Tip: Recognize that learning from making mistakes at work is a process. Break down possible solutions into small steps to digest each learning.
6. Apply the solution
Put your solution into action. As you begin to calmly navigate the road to recovery, you’ll notice how solutions fall into place. Be intentional about the steps you take. This will prevent future downfalls and cast a safety net for you and your team.
Tip: Log the progress you make as you recover from a mistake. Keep a note of the skills and information you’ve learned along the way.
7. Be open and transparent
When you’ve applied the solution to your mistake, take the time to run through what went wrong. Alternatively, register how you made things right. Leading by example teaches your team how making a mistake at work happens and there are ways of recovering from them.
Tip: Host a postmortem as it applies to the mistake that you made. Discuss how you came up with the solution and how the mistake was resolved. Share your learnings and make them accessible to teammates.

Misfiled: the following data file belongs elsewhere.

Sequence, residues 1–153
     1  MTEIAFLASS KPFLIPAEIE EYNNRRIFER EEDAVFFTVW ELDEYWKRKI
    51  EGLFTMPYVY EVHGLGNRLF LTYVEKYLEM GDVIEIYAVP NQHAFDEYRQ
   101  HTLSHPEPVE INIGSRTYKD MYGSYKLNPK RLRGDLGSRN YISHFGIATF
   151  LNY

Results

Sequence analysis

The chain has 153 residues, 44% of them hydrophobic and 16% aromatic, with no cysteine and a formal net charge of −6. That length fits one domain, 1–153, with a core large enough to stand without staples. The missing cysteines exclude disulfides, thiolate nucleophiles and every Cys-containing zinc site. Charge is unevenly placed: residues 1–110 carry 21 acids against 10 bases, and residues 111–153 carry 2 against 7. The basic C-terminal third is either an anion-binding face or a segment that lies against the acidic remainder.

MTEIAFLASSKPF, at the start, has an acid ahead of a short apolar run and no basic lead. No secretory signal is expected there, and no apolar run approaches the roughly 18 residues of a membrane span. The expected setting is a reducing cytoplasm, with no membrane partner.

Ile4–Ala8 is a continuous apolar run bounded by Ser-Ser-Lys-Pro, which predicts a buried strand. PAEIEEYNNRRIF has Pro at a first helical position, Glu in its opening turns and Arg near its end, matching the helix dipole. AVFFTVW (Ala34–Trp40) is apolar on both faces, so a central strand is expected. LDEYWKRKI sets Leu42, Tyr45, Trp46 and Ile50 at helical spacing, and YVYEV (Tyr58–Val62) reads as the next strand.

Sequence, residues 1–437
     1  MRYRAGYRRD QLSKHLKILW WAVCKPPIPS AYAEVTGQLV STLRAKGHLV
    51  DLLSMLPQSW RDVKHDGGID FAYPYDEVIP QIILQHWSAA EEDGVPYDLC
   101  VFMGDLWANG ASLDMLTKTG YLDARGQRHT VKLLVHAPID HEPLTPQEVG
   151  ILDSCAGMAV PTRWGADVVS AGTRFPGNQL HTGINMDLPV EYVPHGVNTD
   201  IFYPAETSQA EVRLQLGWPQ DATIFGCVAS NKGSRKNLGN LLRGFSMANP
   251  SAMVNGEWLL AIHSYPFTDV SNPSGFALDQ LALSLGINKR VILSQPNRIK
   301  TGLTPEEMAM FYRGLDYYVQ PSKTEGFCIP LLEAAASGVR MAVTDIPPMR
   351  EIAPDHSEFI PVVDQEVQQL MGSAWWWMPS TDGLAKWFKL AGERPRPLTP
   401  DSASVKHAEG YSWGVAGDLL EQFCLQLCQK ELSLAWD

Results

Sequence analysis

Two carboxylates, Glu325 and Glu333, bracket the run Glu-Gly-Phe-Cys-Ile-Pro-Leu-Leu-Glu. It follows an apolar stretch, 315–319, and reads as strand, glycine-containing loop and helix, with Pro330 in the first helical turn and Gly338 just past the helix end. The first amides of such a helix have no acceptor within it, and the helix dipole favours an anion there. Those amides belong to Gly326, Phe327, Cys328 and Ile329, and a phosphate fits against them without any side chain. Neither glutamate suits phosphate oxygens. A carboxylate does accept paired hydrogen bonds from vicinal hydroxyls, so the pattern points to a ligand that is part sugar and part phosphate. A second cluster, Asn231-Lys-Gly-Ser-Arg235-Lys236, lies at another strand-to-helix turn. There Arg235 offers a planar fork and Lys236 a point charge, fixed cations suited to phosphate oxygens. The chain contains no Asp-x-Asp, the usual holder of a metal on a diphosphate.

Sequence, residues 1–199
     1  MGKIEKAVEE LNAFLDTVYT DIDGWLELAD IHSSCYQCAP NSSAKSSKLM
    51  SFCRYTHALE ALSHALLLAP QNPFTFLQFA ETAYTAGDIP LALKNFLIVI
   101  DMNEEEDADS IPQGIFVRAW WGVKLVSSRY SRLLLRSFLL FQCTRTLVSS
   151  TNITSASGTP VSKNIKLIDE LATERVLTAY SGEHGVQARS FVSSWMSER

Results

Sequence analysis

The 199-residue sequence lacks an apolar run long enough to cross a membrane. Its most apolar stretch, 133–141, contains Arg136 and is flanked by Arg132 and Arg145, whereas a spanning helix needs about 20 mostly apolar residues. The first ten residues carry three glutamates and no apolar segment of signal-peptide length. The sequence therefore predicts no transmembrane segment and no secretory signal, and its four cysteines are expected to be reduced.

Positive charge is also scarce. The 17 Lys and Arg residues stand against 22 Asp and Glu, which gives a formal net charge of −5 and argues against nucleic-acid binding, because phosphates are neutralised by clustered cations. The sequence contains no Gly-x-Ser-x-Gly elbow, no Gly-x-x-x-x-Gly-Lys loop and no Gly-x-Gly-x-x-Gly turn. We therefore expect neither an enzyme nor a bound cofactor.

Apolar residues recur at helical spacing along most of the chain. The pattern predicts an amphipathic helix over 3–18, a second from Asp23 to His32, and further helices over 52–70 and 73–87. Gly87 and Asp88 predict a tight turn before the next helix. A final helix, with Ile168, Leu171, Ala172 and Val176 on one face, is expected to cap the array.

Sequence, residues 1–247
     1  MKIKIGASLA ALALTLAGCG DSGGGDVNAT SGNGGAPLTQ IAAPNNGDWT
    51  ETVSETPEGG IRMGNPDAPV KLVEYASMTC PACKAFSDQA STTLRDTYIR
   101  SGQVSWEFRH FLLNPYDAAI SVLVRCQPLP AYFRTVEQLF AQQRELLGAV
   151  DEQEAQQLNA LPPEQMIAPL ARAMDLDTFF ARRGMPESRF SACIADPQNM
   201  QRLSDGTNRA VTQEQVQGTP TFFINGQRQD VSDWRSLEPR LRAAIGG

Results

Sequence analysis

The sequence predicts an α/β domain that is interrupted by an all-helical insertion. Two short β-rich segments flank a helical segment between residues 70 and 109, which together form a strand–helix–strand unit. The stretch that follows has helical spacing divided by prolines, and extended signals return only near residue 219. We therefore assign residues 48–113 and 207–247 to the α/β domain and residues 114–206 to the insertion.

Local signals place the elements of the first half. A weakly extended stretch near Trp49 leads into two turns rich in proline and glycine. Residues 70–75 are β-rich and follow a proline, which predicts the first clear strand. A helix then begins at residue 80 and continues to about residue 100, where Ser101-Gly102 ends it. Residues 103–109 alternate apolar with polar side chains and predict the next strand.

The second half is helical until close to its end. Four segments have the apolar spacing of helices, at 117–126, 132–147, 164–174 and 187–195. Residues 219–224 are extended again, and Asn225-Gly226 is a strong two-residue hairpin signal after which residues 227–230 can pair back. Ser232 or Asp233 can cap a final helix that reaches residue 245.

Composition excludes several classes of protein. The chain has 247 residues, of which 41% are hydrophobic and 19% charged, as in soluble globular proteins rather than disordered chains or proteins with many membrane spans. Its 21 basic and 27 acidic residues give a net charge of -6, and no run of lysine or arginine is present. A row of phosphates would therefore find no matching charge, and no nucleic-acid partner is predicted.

Spot the types of mistakes managers make
Let’s face it, you’re not only doing the work you’re also looking after a team. That means managers who make mistakes at work have a wider margin of error for repeated mistakes.
When it comes to making a mistake at work, we noticed two main areas of focus for managers:
- Technical mistakes related to skills, projects, and tasks
- Relational mistakes related to interpersonal dynamics
Technical mistakes pop up when you’re pressed for time. They’re related to tasks, projects, and fine details. They’re not always easy to spot and are finicky to fix. But, making this type of mistake doesn’t mean that you’re bad at your job. On the contrary, it demonstrates room for your own growth.
Here are examples of technical mistakes you might make: